It’s designed by Theaster Gates and Adjaye Associates to have that effect, to draw people in the park towards it – whether they came to see it, were out for a jog or to meet friends for a picnic. It’s called the Black Chapel and, like all chapels, its architecture calls to people so they can escape the everyday and enter a different space.
While it’s imposing on the outside, by contrast it’s comforting on the inside – the sounds of conversations echo around the space, bouncing off the walls so it’s alive with conversation. It’s been designed by the artist to be a space for gathering, meditation and performance. A bell outside will activate the performances, much like the ringing of church bells. The bell itself is sourced from a church that once stood in Chicago’s South Side, both referencing the artist’s home town and the fact that there’s a decline in places for people to commune with each other, and spiritually.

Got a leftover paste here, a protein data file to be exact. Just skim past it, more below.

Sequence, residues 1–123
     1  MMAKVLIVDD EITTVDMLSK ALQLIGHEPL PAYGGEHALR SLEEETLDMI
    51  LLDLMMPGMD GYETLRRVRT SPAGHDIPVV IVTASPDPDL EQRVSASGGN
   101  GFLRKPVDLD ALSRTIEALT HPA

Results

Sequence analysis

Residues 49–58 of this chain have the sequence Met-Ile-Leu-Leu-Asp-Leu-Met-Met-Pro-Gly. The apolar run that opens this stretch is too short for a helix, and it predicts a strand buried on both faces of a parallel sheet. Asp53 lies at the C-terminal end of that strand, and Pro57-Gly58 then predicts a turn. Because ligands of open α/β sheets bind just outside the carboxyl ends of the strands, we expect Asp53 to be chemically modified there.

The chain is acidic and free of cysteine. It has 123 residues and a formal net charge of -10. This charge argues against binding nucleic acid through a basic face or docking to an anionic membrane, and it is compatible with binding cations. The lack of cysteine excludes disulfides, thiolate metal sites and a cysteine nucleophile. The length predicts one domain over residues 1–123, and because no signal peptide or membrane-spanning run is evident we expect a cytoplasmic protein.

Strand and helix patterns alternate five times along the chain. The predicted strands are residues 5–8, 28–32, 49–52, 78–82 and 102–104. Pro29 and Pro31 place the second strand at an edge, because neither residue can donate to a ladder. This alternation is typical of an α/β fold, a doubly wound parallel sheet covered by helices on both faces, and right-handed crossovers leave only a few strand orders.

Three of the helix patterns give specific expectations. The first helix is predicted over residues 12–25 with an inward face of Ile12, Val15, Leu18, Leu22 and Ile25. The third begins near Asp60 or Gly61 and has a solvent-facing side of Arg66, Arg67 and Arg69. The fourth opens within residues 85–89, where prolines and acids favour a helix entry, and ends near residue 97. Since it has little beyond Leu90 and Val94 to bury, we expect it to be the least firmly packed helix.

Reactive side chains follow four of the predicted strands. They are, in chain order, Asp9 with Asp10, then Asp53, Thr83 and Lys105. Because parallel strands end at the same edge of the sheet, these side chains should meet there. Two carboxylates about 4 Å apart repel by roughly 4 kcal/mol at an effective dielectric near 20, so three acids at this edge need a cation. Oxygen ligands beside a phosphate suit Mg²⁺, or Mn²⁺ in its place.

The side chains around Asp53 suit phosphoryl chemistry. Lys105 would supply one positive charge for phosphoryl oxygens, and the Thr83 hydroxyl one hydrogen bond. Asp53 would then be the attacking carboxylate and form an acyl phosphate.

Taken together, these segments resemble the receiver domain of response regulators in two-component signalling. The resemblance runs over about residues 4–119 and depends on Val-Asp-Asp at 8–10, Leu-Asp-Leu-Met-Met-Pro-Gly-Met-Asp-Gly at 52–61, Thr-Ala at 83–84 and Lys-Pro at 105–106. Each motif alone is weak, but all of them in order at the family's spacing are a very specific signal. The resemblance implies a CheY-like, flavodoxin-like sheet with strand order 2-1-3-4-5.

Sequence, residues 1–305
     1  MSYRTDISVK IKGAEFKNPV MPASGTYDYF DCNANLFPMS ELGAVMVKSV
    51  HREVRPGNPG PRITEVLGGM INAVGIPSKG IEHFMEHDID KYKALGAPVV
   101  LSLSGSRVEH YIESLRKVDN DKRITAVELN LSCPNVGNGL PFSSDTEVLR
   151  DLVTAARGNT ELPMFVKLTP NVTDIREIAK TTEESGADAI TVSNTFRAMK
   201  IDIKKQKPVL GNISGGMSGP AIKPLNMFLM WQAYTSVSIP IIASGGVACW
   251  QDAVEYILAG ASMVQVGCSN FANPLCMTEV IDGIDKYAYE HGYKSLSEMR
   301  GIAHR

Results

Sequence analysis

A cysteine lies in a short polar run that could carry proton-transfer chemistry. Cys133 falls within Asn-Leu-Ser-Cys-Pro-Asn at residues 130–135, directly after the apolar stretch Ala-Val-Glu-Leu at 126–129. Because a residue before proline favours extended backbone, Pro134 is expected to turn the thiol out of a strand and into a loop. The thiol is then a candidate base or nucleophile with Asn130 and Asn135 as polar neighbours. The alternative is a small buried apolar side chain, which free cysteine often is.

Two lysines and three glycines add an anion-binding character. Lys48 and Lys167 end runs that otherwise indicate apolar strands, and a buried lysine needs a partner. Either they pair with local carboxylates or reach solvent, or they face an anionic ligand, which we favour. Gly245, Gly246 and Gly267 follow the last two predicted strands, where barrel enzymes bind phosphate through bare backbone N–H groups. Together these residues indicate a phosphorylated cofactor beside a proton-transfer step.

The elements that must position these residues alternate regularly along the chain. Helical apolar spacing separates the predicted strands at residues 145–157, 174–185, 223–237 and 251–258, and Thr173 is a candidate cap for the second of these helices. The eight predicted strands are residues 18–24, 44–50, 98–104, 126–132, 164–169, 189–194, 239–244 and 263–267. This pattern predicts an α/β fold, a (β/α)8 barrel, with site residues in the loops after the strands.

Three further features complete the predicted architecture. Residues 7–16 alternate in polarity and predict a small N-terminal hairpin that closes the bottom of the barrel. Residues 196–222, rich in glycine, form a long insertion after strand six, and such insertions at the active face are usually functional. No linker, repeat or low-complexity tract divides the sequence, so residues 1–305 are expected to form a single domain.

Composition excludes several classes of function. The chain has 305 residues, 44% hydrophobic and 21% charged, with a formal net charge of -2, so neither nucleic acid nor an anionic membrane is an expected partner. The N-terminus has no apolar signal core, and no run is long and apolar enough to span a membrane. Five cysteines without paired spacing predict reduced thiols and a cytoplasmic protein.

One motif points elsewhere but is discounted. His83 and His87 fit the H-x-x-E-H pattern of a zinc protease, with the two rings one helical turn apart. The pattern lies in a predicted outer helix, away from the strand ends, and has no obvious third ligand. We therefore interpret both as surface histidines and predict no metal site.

There are clear links to Christianity but the design of the space as a round structure makes it welcoming for all, and the skylight in the centre of the roof also allows a connection with nature. We imagine it must be particularly magical when it rains to be inside and watch the drops fall into the space which contains Gates’ paintings that are made using roofing techniques – a reference to his father who was a roofer.
Architecturally, this structure is a lot simpler and starker than previous incarnations of the Serpentine Pavilion. However, its imposing exterior will draw people to it and the darkened interior will give refuge to those escaping the sun and the worries of life – it’s this mix of accessibility and transformative qualities that makes for a successful pavilion.
|What||Serpentine Pavilion, 2022, by Theaster Gates|
|Where||Serpentine Gallery, Kensington Gardens, London, W2 3XA | MAP|
|Nearest tube||Knightsbridge (underground)|
10 Jun 22 – 16 Oct 22, 10:00 AM – 6:00 PM
|Website||Click here for more information|